UK plans ‘digital revolution’ in health and social care
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The UK government has published a new plan to digitalise health and social care services that will see the widespread adoption of digital health records and help patients contact GPs via the NHS app.
The UK Department of Health and Social Care (DHSC) has published its data strategy to modernise its systems and improve access to healthcare all across the country.
The plan rests on the government's desire to digitalise healthcare and aims to ensure that UK residents can easily access their NHS records and use their phones to manage appointments, book vaccinations and have virtual consultations by March 2023. The following year, patients are expected to be able to complete hospital pre-assessment checks from home.
Moreover, a further 500,000 people will be able to access remote monitoring, allowing their doctors to monitor their conditions while they stay at home, while also freeing up hospital beds and frontline workers’ time, according to the DHSC.
“We are embarking on a radical programme of modernisation that will make sure the NHS is set up to meet the challenges of 2048, not 1948, when it was first established," said DHSC Secretary Sajid Javid.
“This plan builds on our data strategy to revolutionise digital health and care, which will enable patients to manage hospital appointments from the NHS app and take more control of their own care at home, picking up problems sooner and seeking help earlier."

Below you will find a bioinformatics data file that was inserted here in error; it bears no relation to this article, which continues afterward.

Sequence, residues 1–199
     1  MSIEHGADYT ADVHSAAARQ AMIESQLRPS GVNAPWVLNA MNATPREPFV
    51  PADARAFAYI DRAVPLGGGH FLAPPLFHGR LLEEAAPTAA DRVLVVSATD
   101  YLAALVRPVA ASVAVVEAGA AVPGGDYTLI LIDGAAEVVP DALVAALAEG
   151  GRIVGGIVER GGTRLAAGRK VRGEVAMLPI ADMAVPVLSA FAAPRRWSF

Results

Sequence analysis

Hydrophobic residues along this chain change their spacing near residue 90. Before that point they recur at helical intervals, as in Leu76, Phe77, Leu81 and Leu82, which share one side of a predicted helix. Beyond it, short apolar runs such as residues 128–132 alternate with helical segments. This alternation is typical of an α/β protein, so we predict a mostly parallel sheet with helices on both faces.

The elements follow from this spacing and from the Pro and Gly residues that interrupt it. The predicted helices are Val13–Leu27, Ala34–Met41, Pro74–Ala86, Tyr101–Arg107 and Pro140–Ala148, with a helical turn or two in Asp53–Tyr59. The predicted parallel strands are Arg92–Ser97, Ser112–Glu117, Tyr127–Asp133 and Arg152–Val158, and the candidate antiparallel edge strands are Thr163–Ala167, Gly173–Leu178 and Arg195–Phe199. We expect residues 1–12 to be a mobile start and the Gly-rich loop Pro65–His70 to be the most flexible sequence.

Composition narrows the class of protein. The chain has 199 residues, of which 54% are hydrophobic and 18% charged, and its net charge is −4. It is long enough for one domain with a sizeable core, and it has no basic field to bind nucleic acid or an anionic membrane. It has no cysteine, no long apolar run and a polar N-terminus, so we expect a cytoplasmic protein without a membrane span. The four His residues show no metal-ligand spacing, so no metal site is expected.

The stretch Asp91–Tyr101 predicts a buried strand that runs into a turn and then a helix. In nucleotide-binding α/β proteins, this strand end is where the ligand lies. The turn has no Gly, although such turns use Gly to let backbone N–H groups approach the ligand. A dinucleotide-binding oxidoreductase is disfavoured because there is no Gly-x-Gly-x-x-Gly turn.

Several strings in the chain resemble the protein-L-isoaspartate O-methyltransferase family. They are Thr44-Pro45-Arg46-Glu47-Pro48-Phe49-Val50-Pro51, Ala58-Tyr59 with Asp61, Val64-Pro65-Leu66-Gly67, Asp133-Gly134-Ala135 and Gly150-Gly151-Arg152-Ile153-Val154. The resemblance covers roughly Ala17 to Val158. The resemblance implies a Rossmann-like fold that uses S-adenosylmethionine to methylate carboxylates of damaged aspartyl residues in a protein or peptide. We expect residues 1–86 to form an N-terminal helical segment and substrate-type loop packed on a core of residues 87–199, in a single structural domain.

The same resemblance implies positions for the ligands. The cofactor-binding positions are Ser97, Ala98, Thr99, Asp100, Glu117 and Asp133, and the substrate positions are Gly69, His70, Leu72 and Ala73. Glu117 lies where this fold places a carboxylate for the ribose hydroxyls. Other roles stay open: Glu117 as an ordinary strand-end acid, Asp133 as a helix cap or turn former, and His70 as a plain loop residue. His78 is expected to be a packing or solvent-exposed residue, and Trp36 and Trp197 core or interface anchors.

The new data strategy was first announced earlier this month, aiming to have three-quarters of the adult population in England registered with the NHS app within the next two years and allowing care teams to improve information-sharing through the adoption of digital health and social care records.
Currently, only 45 per cent of social care providers use a digital social care record and 23 per cent of care home staff cannot access the internet consistently at work, according to the DHSC.
“Ensuring more personalisation and better join up of the system will benefit patients, free up clinician time and help us to bust the Covid backlogs," Javid said.
As part of the data strategy, DHSC is also looking to develop a national digital workforce strategy. Moreover, 10,500 new positions are expected to be created in the data and tech workforce as part of this commitment to digitalise the UK's healthcare sector.
Nonetheless, the plan is likely to face opposition, as digital healthcare professionals have warned that it would only increase the pressure NHS and social care staff are already under, without any measures in place to reduce their workloads in order to allow them to have the necessary time to develop the new digital skills required for the transition.
Dr Pritesh Mistry, digital fellow at the King’s Fund, warned that the biggest risk to the Government’s vision is the “lack of capacity among the health and care workforce”.
He said: “NHS and social care staff are already under intense pressure and many will wonder where they will find the time needed to learn the new skills to use technologies, change organisational culture to work better with tech innovators, and avoid the pitfall of implementing new tech without adequately consulting the staff and patients who will use it”.
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